I want to move to employee relationsOn 7 May 2002 in Personnel Today Comments are closed. I have worked as an HR generalist for six years. I find I am increasinglyinterested in employee relations. What are the prospects for careers withinthis area? Is there a demand for this specialism and where do you think such acareer path could lead? And would there be any disadvantages to such a careermove? Caroline Battson, head of interim, Macmillan Davies Hodes Employee relations is one of the most popular areas of a generalist role inHR. In addition to solid generalist knowledge, the attributes needed fordealing with employee relations issues successfully within an organisation aregood communication skills, and the ability to influence and consult. It is a specialism within a generalist’s remit in the same way ascompensation and benefits, and training. If employee relations is the area youfind most interesting, you should have little trouble finding a role that hasan employee relations focus. You may want to concentrate on companies with large HR departments, as theywill often have dedicated employee relations’ positions within the HR team. Youwill find that an in-depth knowledge of this area will ensure you are in a goodposition to secure employment as it is the base for all HR roles. Cliff Dixon, consultant, Chiumento This field is specialist, and you will need to be sure you have sufficientinterest and aptitude to handle the necessary detail. Traditionally, this work has been found in large corporations and sectorssuch as manufacturing and engineering, but is now also being outsourced. Thisis creating a demand for writers of clear formatted guides and deliverers whocan enable managers to get to the core of an issue as fast as possible. You should thoroughly research the market for jobs, networking with bothspecialists and relevant generalists. CIPD magazines will give you anindication and HR recruitment agencies can help with unadvertised contacts. Test your own suitability and temperament for this type of work with allyour contacts. You will also need to carefully assess your long-term careerplan. Moving from generalist to specialist not only means less variety ofcontent, but can be a disadvantage in the future should you wish to revert. Inany event, you will need to stay in touch with the entire HR sector to maintainyour credibility. Peter Sell, joint managing director, DMSConsultancy You say you are interested in employee relations but it depends on how youdefine employee relations. A number of academics have put forward the view thatit is more than just procedures, staff negotiation and consultation. It isabout creating a climate that enhances the contribution of the employee. Anemployee relations professional should therefore be looking at performancemanagement programmes, training and development to improve business performanceand employee involvement. If this is the view you subscribe to then this couldbe a good career move where you can be seen to make an impact. If you take a narrower view, namely that employee relations is aboutemployment legislation, conflict and policy, then there are roles in theprivate and public sector. This will give you a specific expertise, but willnot necessarily restrict your future career options. Related posts:No related photos. Previous Article Next Article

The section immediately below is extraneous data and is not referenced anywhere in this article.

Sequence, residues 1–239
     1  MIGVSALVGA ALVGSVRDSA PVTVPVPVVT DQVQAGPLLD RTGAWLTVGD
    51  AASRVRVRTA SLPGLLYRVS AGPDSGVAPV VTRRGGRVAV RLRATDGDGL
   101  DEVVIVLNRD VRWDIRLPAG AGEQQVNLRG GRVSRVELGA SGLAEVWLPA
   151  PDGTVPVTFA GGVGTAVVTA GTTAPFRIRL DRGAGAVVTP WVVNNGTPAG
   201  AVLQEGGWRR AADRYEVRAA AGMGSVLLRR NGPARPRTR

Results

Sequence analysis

Chat, transfer, payment, grab red envelopes, marketing…… Today, WeChat has gradually become an indispensable life assistant, but, from March 1st onwards, WeChat will now enter the era of charges. So WeChat charges will be in the end what kind of impact on the city people? This, many people expressed their views of the city.